Minnesota’s online scratchers targeted for termination; Greece mulls VAT lottery

TAGs: greece, mark dayton, Minnesota, minnesota lottery

minnesota-lottery-terminatorThe Minnesota Lottery’s pioneering online scratch tickets narrowly escaped the legislative axe this year but they may not be so lucky in 2015. The state’s online scratchers debuted in February and instantly attracted a hailstorm of criticism for too closely mimicking online slots. State legislators accused Lottery director Ed Van Petten of overstepping his mandate and passed a bill to repeal the scratchers, only to have Gov. Mark Dayton veto the bill after the legislative session concluded, leaving no chance for an override vote.

Dayton expects elected officials to attempt to override his veto when they reconvene in 2015 and believes they have the numbers to do it. House Commerce Committee chairman Joe Hoppe agreed, telling the Associated Press that killing off the scratchers has “pretty strong bipartisan support.” Van Petten has justified the new product as a way to lower the median age of the Lottery’s customer base and Dayton says Van Petten “deserves the chance to make his case.”

One could argue that Van Petten’s case has already been made, in that the scratchers have been operational for nearly a year without local news outlets doing exposés about minors abusing the system or families scratching away their mortgage payments. But the legislators’ scratcher animus was never based on facts, only fear of the unfamiliar, so what chance does logic stand?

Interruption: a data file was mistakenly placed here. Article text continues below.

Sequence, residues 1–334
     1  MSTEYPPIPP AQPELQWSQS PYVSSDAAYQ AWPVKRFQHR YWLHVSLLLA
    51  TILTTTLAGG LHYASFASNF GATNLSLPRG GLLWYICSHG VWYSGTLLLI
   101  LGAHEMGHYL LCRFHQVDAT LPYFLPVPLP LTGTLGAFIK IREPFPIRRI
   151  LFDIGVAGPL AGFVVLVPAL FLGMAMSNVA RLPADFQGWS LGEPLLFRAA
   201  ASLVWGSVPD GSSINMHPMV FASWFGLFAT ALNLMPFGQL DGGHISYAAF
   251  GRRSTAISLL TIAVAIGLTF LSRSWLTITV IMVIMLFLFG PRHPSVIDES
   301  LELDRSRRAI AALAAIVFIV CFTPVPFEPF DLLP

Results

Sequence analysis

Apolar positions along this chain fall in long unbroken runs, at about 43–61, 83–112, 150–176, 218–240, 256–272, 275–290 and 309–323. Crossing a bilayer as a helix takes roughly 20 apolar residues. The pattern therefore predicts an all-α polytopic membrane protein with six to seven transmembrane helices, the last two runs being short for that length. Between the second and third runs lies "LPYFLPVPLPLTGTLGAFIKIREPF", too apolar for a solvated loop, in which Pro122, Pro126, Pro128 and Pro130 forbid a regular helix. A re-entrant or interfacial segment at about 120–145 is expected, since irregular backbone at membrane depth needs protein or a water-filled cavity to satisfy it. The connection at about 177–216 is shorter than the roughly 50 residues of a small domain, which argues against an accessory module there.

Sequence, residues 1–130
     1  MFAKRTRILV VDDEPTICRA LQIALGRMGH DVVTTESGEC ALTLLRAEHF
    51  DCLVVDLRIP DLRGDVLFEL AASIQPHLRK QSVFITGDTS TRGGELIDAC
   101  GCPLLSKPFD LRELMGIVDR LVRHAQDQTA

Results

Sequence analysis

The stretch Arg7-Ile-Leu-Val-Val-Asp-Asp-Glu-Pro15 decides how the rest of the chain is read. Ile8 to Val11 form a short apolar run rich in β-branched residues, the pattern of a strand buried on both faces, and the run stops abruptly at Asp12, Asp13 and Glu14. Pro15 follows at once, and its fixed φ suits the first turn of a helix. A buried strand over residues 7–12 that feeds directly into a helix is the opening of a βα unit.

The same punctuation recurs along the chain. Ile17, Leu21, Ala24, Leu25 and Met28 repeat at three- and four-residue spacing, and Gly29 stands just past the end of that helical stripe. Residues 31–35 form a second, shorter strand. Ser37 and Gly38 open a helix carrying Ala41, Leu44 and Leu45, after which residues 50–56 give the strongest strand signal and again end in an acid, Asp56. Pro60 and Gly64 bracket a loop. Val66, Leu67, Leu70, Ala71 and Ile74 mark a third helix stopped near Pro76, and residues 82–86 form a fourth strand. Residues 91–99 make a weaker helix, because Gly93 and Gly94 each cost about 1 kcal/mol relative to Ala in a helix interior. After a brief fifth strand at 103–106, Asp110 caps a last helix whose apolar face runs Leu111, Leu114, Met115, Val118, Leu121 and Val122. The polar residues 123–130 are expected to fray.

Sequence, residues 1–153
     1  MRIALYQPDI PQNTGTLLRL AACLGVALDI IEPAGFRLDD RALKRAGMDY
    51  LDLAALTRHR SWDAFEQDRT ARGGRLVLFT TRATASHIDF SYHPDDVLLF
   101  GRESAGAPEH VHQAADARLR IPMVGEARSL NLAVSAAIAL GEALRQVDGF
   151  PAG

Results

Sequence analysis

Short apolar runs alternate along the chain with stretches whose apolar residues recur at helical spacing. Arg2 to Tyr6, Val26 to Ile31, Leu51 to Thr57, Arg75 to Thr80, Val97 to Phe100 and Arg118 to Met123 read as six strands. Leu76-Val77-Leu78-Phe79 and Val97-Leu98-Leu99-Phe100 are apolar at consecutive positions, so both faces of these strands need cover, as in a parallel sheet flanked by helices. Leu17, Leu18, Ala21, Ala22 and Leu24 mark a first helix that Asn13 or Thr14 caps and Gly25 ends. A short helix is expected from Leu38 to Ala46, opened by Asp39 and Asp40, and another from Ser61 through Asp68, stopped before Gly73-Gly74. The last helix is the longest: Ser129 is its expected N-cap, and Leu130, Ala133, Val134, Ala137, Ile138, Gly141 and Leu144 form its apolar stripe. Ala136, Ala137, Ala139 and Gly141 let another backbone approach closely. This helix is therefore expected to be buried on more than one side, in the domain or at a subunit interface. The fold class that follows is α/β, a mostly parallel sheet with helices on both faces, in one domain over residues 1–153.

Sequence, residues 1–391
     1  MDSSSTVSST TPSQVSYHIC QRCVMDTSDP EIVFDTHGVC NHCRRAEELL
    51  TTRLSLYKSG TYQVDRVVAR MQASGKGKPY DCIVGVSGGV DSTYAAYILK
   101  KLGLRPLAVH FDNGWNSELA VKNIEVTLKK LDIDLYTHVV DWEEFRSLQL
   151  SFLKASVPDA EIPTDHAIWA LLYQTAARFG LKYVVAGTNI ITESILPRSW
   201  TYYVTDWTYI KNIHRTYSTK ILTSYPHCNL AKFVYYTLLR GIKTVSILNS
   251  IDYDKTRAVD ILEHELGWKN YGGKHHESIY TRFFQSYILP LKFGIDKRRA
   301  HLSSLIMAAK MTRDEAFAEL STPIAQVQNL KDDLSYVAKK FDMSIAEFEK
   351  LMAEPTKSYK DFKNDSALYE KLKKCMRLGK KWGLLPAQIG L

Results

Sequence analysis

State governments don’t have a monopoly on dumb lottery policies. Workers at the Philadelphia office of the Department of Veteran Affairs have been told not to play the new lottery machine in the employee cafeteria because doing so would violate federal regulations. Employees were puzzled when the new machine was installed, prompting VA management to issue an email reminding staff of the stated policy against gambling on federal property.

The email, a copy of which was obtained by, says the installation of the machine “in no way negates our internal policy” against gambling. In other words, federal employees gambling on federal property is illegal so don’t use the new gambling device we’ve just installed in the place you eat lunch five days a week. This type of counterintuitive planning may well offer clues as to why the VA is years behind clearing its backlog of cases.

Over in Greece, the cash-strapped government believes it has found a way to encourage its notoriously tax-averse citizenry to pay their value added tax: a VAT lottery. The idea was included in a document Greece sent to its EU and IMF creditors this week, detailing proposals the government is considering to ensure it has enough dough to pay its bailout obligations.

Many Greek shoppers currently negotiate product purchases off the books, thereby sparing both customers and merchants the pain of paying the government’s 23% VAT charge. The VAT lottery would require players to send a text message containing a unique code on their VAT receipt. The idea is not new, having been implemented in Malta, Slovakia and Portugal, where the Lucky Invoice draws offer a chance to win Audi A4 sedans with every €10 spent using their taxpayer identification number.

Documents viewed by Reuters indicate the Greek government believes the new lottery could help raise €500m via the extra tax collected though sales of goods needed to obtain VAT receipts. Gotta say, though… We bet the money saved from 23% discounts on merchandise could buy a lot of non-VAT lottery tickets.


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